OCTOBER 12 2012 20:02h
PRISTINA, Oct 12 (Hina) - Kosovo could begin negotiations with the European Union concerning the process of stabilisation and association in the first half of 2013 if the the country's institutions worked hard on implementing reforms, European Union Enlargement Commissioner Stefan Fuele said in Pristina on Friday.
Appearing at a press conference following his talks with Kosovo Premier Hashim Thaci, Fuele said that a feasibility study presented in Brussels on Wednesday, confirmed that there were no legal obstacles for the negotiations on the Stabilisation and Association Agreement (SAA) with the EU.
“If you have a strong consensus and if you work hard, I believe that you can start the negotiations (on the SAA) in the first half of the next year. Kosovo’s EU pathway does not depend on us in the EU but solely on your work on reforms and your ability to build a strong consensus in Kosovo’s society,” the enlargement commissioner underscored.
Fuele added that north Kosovo still remained to be a challenge, stressing that the EU was prepared to help Kosovo in resolving this problem. He added that it was very important that Kosovo applied all agreements reached between Pristina and Belgrade so far and that he had said the same to Serbian officials.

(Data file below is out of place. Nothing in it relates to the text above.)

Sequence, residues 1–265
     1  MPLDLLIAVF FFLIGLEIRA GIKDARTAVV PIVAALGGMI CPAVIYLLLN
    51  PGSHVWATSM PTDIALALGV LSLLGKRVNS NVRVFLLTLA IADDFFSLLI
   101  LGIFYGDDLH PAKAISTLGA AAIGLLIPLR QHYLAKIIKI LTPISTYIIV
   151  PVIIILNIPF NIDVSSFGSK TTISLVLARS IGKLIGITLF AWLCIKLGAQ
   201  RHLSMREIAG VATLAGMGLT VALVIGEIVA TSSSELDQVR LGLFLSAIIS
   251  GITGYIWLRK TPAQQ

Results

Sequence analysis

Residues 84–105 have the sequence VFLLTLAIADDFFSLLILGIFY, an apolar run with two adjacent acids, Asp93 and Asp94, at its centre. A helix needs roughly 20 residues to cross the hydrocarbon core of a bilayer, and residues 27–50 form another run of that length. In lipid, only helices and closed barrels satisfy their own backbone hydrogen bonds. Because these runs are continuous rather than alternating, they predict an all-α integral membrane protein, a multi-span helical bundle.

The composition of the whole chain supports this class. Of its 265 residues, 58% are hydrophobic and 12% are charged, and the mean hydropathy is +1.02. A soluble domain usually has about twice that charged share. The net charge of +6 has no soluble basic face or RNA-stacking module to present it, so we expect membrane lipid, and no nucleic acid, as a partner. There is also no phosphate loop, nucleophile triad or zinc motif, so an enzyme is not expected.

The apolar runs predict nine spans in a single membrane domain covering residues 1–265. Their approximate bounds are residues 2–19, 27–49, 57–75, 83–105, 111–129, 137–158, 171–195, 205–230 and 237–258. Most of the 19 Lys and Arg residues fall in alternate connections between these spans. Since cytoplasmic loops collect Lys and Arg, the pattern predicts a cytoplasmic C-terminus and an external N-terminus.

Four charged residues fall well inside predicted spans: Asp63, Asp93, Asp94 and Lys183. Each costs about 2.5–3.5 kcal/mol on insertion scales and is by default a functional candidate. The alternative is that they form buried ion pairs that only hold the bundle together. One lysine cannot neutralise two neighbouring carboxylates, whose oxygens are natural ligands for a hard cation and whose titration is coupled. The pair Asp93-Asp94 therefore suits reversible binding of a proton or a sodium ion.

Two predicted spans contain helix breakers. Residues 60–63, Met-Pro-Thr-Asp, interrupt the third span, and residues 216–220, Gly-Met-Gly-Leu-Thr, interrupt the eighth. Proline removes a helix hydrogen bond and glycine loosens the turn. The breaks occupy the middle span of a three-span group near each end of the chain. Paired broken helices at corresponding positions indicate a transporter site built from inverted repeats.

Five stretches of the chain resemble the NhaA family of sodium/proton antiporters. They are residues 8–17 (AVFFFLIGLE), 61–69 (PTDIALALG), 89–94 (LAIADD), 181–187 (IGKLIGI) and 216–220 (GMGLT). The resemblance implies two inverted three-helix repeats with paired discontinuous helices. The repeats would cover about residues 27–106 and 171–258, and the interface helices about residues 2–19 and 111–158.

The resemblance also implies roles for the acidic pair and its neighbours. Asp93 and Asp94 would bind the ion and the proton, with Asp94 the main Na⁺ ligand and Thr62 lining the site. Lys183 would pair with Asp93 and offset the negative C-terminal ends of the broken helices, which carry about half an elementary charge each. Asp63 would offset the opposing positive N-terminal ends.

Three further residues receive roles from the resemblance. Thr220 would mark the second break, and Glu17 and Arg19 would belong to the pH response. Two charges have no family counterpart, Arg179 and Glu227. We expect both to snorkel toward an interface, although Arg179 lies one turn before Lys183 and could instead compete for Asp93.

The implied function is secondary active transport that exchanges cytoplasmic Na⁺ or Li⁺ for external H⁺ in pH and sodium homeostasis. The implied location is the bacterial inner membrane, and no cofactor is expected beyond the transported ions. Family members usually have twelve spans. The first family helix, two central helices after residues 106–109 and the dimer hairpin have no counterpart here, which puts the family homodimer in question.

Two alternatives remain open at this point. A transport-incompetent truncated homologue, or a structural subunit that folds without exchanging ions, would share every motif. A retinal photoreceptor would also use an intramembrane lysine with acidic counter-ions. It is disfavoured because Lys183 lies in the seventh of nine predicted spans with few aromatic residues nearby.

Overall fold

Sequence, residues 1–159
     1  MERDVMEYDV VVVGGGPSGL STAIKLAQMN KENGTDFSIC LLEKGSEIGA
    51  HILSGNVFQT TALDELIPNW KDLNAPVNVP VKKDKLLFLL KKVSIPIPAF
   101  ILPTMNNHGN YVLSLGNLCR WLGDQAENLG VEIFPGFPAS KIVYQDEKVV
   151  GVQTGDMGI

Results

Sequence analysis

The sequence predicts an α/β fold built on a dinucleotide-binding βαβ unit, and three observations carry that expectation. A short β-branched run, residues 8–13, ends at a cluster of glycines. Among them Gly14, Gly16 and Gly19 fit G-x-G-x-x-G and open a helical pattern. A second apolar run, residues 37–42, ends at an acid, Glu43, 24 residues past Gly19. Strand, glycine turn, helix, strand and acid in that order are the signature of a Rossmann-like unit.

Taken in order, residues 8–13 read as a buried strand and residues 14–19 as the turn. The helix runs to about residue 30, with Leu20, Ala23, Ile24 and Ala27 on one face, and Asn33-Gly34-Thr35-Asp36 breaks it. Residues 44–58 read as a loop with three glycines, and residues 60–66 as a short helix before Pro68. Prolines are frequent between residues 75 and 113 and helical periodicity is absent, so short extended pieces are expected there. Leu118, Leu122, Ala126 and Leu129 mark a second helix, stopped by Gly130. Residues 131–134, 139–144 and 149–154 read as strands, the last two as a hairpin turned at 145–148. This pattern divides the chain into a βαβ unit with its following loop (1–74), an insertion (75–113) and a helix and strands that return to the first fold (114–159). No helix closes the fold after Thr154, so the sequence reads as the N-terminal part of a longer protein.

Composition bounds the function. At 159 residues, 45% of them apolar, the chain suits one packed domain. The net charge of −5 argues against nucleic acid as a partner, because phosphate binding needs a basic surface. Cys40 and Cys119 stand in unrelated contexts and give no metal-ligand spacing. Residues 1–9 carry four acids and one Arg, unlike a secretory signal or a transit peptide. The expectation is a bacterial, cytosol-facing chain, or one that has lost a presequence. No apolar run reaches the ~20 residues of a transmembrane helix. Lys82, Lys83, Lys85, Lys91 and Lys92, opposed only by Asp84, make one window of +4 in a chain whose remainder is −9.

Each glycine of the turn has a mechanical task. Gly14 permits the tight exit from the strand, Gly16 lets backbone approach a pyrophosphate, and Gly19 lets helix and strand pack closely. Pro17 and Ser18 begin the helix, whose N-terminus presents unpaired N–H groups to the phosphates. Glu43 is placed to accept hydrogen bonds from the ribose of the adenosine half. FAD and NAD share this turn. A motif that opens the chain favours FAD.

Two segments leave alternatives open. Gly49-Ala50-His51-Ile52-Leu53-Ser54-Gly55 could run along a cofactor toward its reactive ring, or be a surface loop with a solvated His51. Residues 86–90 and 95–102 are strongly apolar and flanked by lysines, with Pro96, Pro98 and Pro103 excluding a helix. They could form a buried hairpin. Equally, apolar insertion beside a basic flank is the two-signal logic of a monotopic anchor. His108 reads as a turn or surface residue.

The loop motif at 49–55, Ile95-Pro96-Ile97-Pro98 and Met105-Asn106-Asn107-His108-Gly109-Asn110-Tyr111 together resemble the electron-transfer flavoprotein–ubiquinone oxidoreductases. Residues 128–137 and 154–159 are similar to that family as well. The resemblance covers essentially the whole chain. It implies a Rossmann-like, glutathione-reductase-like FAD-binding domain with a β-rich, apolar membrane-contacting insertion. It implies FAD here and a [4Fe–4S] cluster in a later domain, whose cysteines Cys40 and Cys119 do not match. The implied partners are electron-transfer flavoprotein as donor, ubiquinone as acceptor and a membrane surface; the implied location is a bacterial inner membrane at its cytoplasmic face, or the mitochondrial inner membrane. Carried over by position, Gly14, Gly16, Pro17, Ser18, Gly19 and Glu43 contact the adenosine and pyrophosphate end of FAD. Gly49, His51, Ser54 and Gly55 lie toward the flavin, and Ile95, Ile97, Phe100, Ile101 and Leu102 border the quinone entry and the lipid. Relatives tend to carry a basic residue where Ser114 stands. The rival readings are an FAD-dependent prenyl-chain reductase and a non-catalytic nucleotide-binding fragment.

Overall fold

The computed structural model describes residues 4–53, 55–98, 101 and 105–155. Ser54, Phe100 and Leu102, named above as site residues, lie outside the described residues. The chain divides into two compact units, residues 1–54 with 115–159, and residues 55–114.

Thaci confirmed that Kosovo's integration to the EU was not just an option but that it was a goal and priority. He welcomed the recommendations of the feasibility study adding that Kosovo agreed with the clear messages sent from Brussels. He expressed readiness to normalise relations with neighbours, particularly with Serbia.
Commissioner Fuele met in Kosovo with President Atifete Jahjaga as well as the president of the Kosovo Assembly Jakup Krasniqi.
On Wednesday, Oct 10th the European Commission released an annual report on the progress of seven candidate and possible candidate countries for accession to the EU and a feasibility study recommending that negotiations on stabilisation and accession could begin with Kosovo.
Kosovo is in a specific position seeing that five EU member countries have not as yet recognised its independence and it still does not have any contractual relations with the EU. (Hina)